“We’re in the area of projects now that are much more complex than funding a grant for a master study or a water system or a sewer system. These are much more complex deals,” said Utah State Treasurer and CIB member Richard Ellis, who raised concerns about the legality of funding the projects at several recent meetings. “The expertise needed legally ... is much greater than we typically run into.”
Using public funds — mineral royalty and bonus monies paid to the state by development companies who do mineral extraction projects on federal lands — the CIB provides grants and loans to state agencies, cities, counties and county coalitions “which are or may be socially or economically impacted, directly or indirectly, by mineral resource development on federal lands,” according to the Utah statute that established the board. Grants and loans from the CIB are intended to offset the impacts of mineral development, and must fund public projects, services and facilities, according to the Utah statute.
Traditionally, that has meant funding senior centers, maintenance facilities, and sewer plants. But in recent years, the board has drawn attention for funding much larger-scale infrastructure projects in mineral-rich areas across the state.
In the past six years, the CIB has provided $56 million in funding for the Uintah County Seep Ridge Road, approved $29 million for the Duchesne County Victory Pipeline and a authorized a $53 million project in April that gives Utah “throughput capacity” or the right to ship goods such as coal, salt and grain through a multi-commodity export terminal in Oakland, California.
Proponents of the CIB’s major infrastructure projects say supporting mineral development infrastructure will help Utah’s counties by securing the state’s economic future.
“There are some questions with this one, there’s no doubt about it ... [but] the potential benefit for the entire state is really evident,” Utah Sen. Ralph Okerlund said April 2, regarding the throughput capacity project. “From the state’s standpoint, the economic development as well as the support of the existing businesses and all of the existing infrastructure that goes along with the businesses in the rural part of the state is just dependent on us looking forward enough in the future to be able to address these needs.”
But Ellis has recently questioned the board’s direction, questioning whether some large-scale infrastructure projects are legally unclear and if they are being funded potentially at the expense of other community needs.
“I understand the intent of all of this is really to keep economic growth going in these counties, whether it’s coal production or oil or gas. I understand that, and I think that needs to happen and somehow we need to make them survive ... [but] are we as a board willing to do that at the expense of other things you need in your counties? We need to think about that,” Ellis said during the CIB’s Sept. 3 meeting. “We’re not in the same situation we were several years ago.”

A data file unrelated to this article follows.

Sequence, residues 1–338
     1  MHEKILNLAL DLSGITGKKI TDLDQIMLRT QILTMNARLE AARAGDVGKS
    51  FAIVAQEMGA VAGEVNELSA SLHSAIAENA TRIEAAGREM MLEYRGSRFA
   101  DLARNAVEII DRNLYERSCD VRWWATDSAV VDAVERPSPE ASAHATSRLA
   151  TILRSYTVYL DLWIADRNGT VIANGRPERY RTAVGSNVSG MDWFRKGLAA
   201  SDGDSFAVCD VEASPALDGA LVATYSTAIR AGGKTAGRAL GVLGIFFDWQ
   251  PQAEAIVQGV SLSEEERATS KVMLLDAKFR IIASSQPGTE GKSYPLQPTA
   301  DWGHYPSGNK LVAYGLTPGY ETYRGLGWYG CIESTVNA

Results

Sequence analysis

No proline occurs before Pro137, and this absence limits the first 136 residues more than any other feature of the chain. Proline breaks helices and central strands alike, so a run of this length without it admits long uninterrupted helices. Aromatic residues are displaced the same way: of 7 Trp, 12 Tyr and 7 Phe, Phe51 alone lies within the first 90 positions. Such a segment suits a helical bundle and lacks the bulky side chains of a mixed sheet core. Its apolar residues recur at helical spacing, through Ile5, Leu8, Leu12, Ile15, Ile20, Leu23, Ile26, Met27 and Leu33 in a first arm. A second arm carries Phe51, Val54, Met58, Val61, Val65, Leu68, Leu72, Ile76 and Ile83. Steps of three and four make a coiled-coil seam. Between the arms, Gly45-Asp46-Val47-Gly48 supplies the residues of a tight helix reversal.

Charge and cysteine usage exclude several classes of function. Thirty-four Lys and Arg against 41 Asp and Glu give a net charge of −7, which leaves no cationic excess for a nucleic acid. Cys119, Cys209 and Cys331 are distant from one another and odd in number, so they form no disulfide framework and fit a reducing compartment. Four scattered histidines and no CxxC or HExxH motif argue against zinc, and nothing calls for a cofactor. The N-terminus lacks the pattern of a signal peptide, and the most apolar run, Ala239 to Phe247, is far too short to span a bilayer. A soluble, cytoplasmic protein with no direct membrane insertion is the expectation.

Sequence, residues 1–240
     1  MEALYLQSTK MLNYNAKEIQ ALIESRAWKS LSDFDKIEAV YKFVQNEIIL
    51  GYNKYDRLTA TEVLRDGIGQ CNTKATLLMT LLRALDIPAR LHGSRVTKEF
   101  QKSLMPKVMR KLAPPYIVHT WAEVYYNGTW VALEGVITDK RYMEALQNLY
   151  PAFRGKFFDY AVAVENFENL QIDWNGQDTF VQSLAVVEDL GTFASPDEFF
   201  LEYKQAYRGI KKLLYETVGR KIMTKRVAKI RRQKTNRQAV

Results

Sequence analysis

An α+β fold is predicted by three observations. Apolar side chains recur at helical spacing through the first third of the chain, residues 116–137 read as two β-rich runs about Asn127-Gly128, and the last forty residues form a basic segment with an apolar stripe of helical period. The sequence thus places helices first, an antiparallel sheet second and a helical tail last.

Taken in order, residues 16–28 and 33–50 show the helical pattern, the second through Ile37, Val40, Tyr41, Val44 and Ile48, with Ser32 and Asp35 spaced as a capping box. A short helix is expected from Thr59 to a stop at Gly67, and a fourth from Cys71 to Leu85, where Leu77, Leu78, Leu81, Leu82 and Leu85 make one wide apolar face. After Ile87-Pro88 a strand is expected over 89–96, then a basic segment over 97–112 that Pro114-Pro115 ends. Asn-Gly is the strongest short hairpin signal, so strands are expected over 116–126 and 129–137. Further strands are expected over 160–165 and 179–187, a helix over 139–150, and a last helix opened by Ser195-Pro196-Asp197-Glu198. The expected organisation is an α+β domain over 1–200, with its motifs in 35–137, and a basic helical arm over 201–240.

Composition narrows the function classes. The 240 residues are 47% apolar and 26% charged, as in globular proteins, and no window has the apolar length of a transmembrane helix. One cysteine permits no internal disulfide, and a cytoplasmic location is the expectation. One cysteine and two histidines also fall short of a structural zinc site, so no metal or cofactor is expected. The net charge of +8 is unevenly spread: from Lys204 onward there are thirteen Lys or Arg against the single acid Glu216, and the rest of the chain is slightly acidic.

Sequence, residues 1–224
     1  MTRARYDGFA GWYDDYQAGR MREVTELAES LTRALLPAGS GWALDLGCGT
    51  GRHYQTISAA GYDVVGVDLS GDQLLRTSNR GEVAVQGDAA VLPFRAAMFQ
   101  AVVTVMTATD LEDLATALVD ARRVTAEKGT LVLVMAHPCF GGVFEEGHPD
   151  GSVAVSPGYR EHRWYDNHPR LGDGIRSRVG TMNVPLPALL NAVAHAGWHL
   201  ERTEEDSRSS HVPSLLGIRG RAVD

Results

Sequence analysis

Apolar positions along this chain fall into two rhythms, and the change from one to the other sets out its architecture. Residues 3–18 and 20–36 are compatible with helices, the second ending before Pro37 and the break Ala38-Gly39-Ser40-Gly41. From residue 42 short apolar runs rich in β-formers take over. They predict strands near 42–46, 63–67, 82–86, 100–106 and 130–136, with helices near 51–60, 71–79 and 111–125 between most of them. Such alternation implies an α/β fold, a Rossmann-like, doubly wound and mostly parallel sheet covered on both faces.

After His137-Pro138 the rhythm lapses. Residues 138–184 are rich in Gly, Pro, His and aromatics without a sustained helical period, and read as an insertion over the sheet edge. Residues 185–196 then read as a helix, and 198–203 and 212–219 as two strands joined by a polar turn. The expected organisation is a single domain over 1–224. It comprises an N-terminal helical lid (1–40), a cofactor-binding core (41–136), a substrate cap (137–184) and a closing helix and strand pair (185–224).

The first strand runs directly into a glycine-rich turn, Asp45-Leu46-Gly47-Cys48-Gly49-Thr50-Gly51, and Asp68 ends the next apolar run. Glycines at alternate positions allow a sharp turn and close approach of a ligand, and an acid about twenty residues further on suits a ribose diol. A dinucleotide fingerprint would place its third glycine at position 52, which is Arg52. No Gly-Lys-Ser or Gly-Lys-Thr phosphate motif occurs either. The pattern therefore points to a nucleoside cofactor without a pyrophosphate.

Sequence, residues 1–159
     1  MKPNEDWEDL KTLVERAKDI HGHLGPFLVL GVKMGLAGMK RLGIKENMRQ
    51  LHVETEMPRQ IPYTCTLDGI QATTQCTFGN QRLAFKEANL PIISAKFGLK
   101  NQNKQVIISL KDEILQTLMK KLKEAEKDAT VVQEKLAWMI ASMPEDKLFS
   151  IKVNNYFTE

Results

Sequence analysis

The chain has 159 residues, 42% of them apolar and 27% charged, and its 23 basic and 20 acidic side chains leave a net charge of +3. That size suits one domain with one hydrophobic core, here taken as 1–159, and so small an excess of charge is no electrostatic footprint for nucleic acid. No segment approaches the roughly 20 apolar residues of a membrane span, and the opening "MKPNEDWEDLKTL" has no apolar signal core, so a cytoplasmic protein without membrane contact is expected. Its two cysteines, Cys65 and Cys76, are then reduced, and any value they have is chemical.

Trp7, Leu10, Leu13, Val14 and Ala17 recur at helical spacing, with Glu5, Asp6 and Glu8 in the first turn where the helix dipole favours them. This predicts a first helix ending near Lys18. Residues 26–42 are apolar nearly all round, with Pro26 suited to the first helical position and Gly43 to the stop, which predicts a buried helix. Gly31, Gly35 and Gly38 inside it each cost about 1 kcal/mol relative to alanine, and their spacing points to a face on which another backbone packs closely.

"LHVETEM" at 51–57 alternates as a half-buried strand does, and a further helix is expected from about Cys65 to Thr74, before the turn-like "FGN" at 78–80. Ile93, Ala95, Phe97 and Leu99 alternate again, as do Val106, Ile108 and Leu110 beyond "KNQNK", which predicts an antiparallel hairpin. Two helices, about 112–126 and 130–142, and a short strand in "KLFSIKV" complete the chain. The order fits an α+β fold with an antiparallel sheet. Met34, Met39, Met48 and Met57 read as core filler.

A new direction
That different situation, according to Ellis, is an economy where the price of oil is down from $100 a barrel to just above $40. That means less money in CIB coffers, and less to fund all projects large and small.
According to Ellis, during better economic times, the CIB’s former chairman, Gordon Walker, encouraged the board to fund major infrastructure projects. Ellis said Walker suggested smaller projects could be deferred, and facilitating major infrastructure would increase mineral royalties over the long term.
“Before [Walker] left, his point to the board was ‘we’re deferring current projects,’” Ellis said. “That’s not to say they couldn’t get done, but they may be deferred two or three or seven years. So if you could develop big infrastructure, potentially you could increase production, increase mineral royalties — that was the vision. But that was when oil was $100 a barrel, and there were lots of drilling rigs in the [Uintah] Basin. And that has completely changed.”
Almost two years ago, the CIB created a set-aside fund for such large-scale projects, called the “major infrastructure fund.” As the board began discussing the electrical transmission line project in August, Ellis said the CIB had roughly $8 million left in its major infrastructure fund, having drained the rest by funding the $53 million throughput capacity project in April.
The throughput capacity project gives Sevier, Emery, Carbon and Sanpete counties the right to ship goods such as coal, salt and grain through an Oakland export terminal. That terminal is currently scheduled for completion in mid-2017. Proponents of the throughput capacity project said it will open Utah’s export market to the Pacific Rim, Australia, and Central and South America.